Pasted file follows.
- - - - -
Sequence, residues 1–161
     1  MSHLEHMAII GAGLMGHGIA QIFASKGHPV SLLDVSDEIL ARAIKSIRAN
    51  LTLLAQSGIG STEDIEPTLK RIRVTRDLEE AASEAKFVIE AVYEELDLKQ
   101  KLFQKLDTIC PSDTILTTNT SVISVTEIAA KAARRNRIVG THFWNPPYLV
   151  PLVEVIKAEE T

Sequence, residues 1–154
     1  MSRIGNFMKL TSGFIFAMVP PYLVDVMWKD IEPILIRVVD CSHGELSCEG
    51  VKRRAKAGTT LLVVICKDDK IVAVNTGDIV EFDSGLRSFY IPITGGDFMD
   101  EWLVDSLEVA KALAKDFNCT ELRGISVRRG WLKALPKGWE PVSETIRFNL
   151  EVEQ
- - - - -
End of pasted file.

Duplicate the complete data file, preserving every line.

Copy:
Sequence, residues 1–161
     1  MSHLEHMAII GAGLMGHGIA QIFASKGHPV SLLDVSDEIL ARAIKSIRAN
    51  LTLLAQSGIG STEDIEPTLK RIRVTRDLEE AASEAKFVIE AVYEELDLKQ
   101  KLFQKLDTIC PSDTILTTNT SVISVTEIAA KAARRNRIVG THFWNPPYLV
   151  PLVEVIKAEE T

Sequence, residues 1–154
     1  MSRIGNFMKL TSGFIFAMVP PYLVDVMWKD IEPILIRVVD CSHGELSCEG
    51  VKRRAKAGTT LLVVICKDDK IVAVNTGDIV EFDSGLRSFY IPITGGDFMD
   101  EWLVDSLEVA KALAKDFNCT ELRGISVRRG WLKALPKGWE PVSETIRFNL
   151  EVEQ